Collaborative Law v. Mediation

If you’ve decided to get divorced, it can be difficult sometimes to determine what to do next. There are many options for how to not only begin the process but also how to go through the divorce itself. Now you may have already decided that you want to do work through your divorce with your spouse amicably, and even then, there are options for how you proceed. Two main options you have are mediation or collaborative law, and while there are similarities between the two, they differ significantly, and it’s important to know the differences before you get started.

What Is Mediation?

Mediation is an agreement reaching process where you work together with a mediator, who is a neutral third party to come to agreements on the issues in your divorce. The mediator will assist and guide the parties in resolving the issues in their divorce; however, they will not tell the parties what to do or require them to do things a certain way. The mediator assists in problem-solving and reaching solutions on the issues in the divorce including parenting plan if there are children, child and/or spousal support and division of assets and debts. As a neutral third party, the mediator does not represent either of the parties and cannot give legal advice to either of the parties. The mediator can, however, provide legal information and help the parties understand what could happen if they ended up in court.

The mediator will assist the parties in identifying and understanding the issues that need to be addressed in your divorce. They will work with the parties to complete their financial disclosures, act as a peacemaker while helping to guide the negotiations provide options when the couple is unable to resolve the issue on their own and draft the required paperwork and marital settlement agreement once the agreements are reached. Often in mediation, the spouses will consult with an attorney throughout the process and/or review their final agreement before signing. However, it is not required. While many of our clients do choose to work with an attorney for part of the process, they know that ultimately that decision is up to them to decide and while we recommend it, we do not require that.

In our mediation process, we work collaboratively with other professionals depending on what it is that the parties need. Some couples might require one or two financial professionals either as a neutral or working with on spouse individually. Other times a therapist may meet with the children or the couple to assist them in moving forward.  We understand that every couple is different, and we work with the professionals necessary to complete the divorce amicably. The cost of mediation usually ranges from $3,000 – $10,000 total for both parties depending on the complexity and how much time is necessary for mediation.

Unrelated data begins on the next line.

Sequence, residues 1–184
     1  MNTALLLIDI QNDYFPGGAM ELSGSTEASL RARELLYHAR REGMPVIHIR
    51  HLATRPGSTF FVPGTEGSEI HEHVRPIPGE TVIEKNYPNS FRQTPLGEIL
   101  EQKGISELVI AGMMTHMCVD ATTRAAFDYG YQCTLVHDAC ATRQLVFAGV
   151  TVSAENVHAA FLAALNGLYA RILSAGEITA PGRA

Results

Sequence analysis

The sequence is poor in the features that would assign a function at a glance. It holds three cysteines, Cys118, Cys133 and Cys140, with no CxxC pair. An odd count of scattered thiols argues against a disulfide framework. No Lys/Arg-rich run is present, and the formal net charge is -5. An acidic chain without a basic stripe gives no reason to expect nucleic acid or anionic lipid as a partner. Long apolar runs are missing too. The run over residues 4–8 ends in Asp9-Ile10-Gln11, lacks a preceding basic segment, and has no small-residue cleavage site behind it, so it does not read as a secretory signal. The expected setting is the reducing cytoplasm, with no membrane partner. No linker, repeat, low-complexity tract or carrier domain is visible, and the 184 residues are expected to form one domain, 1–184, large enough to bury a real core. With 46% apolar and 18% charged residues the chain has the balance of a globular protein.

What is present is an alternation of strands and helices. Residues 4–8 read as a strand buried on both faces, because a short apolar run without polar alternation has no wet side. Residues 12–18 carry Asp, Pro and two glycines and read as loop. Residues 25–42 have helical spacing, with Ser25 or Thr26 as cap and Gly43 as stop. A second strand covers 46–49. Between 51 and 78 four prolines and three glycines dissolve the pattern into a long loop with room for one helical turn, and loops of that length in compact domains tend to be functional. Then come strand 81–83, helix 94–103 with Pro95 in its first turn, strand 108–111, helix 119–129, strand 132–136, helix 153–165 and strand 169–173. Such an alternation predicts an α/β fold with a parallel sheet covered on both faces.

What Is Collaborative Law?

Collaborative law or collaborative divorce is another option for divorce help in San Diego which is kind of in between a traditional divorce using attorneys and mediation. In collaborative law, each party hires their collaborative attorney (a family law attorney trained in the collaborative process) to represent them in the collaborative process only. All parties involved signing a contract that they are committed to using cooperative techniques instead of combative tactics and if the collaborative process falls apart then the parties must hire new attorneys to represent them in any divorce proceeding.

In collaborative law, there are often other professionals involved as well including mental health professionals, financial professions, child specialist and even a mediator. While there may be professionals such as mental health professionals, financial advisors, or the mediator that works as a neutral each of the attorneys only represents their individual client’s interests, however, also are working towards a negotiated agreement. Depending on the number of professionals involved the cost and time from start to finish can significantly vary. While it is still usually less expensive than the traditional litigation process, the more professionals involved, the more costly the process can be.

Collaborative law can be attractive for couples who do not believe that mediation is the right option or want to have their attorney representing them throughout the whole process. Collaborative law can be a sort of middle ground between mediation and litigation which still allows the parties to keep their costs down and work together collaboratively.


If you are interested in mediation or collaborative law, contact West Coast Family Mediation Center. We can set up a time for a free consultation to discuss your options and see if mediation is the right option for you.

by: Amanda Singer


Amanda Singer with west coast family mediation center

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